Troubles at First Tech?

I’ve heard reports from a friend of mine that apparently 3000 First Tech Credit Union members were victims of an ATM scam. The gist of the scam is that someone had a scanner in the parking lot of the main branch ATM by Trader Joe’s in Bellevue and obtained the ATM codes there. The same reports state that First Tech members weren’t the only ones hacked. There’s a Washington Mutual branch right across the street and I wonder if some of their members were affected as well.

I’ve yet to find confirmed reports of this, (other than my friend’s first hand statement), but if you’re a First Tech member, you might want check your bank account balance and contact your local branch to see if you should get a new ATM card.

If anyone has more concrete information, post it in the comments.

5 Comments so far

  1. ryan (unregistered) on February 2nd, 2008 @ 8:17 pm

    I have a first tech account, and I got a letter yesterday informing me "Visa USA Fraud Control identified a data breach involving a retail merchant or their processor."

    I get a new ATM/check card soon. Lameo!

  2. Josh (unregistered) on February 3rd, 2008 @ 1:13 am

    If it were possible to get useful information out of an ATM by sitting near it with a scanner, there’d be a hell of a lot more fallout than 3000 customers at one bank. For one, it’d probably mean that 3DES had been broken.

    A skimmer seems more likely, but 3000 seems pretty high for one of those.

  3. Alan (unregistered) on February 3rd, 2008 @ 12:48 pm

    The fraudsters did not need to crack 3DES. The alert that I received indicated that concealed cameras were used to intercept the PINs. I was personally affected by this. My checking account was emptied last weekend.

  4. Melissa (unregistered) on February 15th, 2008 @ 5:04 pm

    I received an email to this effect from First Tech. Here’s the gist of it:

    "…A card skimming device was illegally attached to the First Tech Overlake Branch ATM…at 156th Ave NE…randomly between 10.01.07 and 11.28.07.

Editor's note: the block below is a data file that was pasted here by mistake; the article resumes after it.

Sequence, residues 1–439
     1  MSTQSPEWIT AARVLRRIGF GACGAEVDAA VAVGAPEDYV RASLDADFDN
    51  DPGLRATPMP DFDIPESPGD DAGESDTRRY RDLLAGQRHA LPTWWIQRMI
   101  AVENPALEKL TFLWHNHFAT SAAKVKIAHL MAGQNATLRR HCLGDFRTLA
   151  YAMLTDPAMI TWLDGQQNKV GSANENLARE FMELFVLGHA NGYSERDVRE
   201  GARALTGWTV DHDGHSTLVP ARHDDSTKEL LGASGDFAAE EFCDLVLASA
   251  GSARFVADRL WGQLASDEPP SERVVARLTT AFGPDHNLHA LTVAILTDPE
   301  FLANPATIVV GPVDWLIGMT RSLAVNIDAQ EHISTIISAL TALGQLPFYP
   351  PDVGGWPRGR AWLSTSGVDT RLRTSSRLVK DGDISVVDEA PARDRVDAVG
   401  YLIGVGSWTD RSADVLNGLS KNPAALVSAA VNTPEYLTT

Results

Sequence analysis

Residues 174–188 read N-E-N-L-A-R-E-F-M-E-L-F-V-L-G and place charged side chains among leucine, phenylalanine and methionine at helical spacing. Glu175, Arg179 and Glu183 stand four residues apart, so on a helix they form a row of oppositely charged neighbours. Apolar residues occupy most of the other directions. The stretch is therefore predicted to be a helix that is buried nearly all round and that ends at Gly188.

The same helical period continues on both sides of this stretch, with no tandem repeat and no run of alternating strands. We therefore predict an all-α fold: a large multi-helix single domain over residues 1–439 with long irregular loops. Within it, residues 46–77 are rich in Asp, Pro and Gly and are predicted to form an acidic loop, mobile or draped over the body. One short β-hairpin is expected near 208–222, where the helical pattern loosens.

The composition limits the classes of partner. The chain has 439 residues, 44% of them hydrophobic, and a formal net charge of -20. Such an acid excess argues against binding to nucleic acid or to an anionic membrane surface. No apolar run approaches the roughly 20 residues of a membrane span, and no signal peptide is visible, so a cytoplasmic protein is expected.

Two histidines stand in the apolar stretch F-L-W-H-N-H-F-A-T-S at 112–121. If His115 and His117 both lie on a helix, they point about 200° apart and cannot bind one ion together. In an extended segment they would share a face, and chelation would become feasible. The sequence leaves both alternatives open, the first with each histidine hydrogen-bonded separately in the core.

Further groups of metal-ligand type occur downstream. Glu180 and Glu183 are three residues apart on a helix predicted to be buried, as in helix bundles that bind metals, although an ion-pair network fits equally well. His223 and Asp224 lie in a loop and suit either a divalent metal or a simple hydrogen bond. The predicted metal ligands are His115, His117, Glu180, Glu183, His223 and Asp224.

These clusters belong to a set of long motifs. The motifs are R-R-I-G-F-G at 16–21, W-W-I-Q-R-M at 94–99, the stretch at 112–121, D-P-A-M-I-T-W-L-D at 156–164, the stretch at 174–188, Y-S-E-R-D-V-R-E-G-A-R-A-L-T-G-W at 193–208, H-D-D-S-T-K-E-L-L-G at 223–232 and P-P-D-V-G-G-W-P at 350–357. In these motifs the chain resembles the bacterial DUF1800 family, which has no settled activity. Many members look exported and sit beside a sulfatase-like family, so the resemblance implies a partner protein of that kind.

‘Skimming’ occurs when fraudsters attach card reading devices to machines, such as ATMs, that can scan card information. Then, the fraudsters use CAMERAS (emphasis mine-Melissa) to capture PINs. Using the skimmed information and captured PINs, fraudsters produce a duplicate card to make purchases and withdrawals.

    …We have identified that you used the Overlake Branch ATM during the identified timeframe and your card information may have been compromised. THIS INFORMATION DID NOT INCLUDE YOUR…MEMBER ACCOUNT NUMBER, SSN OR BIRTH DATE…you have no liability for any fraudulent transactions…if you report them within 60 days of the date you receive your monthly statement."

    They’re replacing my card and PIN #. They advise people to check for suspicious equipment on the machine, and to be aware of people around you and cover the keyboard when entering your pin. (I normally am careful when there are people around, but would never have thought of having to hide it from hidden cameras!)

    The interesting thing is, the ATM is INSIDE the little ‘airlock’ lobby, you have to swipe your card on an outside card-reader (which apparently responded to ANY magnetic strip, not just an ATM’s) in order to get IN to the ATM. Someone notes at, that it’s likely someone installed the skimmer on the little OUTSIDE "fake security" reader, and that the perpetrator would’ve been able to access the lobby to install the camera that way.

    I guess the takeaway lesson is, a) Try a safe, non-debit card first if you come across one of those little "security swipers", such as a grocery card, b) Watch out for unrecognized ‘outies’ (vs. ‘innies’) on ATM’s and doors, and c) ALWAYS cover your PIN # when entering it.

    Some before and after skimmer pics are available at: and

    It’s scary to think that I might not have even noticed such a thing: I normally consider myself "up" on all the latest frauds and scams.

  5. Patricia Eddy (unregistered) on February 15th, 2008 @ 5:10 pm


    Wow, this is great information. I never would have noticed a device like that (or rather, I would have assumed it was supposed to be like that).

    As always, it appears you can never be too careful.

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